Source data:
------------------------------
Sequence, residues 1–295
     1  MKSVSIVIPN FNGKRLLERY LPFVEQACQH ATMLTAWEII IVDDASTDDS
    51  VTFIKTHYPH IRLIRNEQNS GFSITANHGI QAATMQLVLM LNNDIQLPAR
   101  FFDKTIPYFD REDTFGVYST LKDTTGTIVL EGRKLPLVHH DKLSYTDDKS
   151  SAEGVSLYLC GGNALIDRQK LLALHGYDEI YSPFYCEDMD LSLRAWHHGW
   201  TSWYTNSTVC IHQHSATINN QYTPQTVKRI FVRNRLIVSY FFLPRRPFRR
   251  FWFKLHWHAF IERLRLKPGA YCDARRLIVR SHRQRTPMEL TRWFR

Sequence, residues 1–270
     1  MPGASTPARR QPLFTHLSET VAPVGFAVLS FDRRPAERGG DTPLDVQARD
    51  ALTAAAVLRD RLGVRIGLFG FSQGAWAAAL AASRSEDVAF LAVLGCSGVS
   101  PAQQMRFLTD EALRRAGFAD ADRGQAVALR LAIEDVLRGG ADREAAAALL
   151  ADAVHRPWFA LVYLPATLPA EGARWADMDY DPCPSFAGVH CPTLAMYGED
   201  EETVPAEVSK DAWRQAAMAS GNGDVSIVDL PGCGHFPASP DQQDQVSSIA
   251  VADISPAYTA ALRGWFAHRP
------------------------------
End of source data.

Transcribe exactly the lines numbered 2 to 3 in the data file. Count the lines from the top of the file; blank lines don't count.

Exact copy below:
     1  MKSVSIVIPN FNGKRLLERY LPFVEQACQH ATMLTAWEII IVDDASTDDS
    51  VTFIKTHYPH IRLIRNEQNS GFSITANHGI QAATMQLVLM LNNDIQLPAR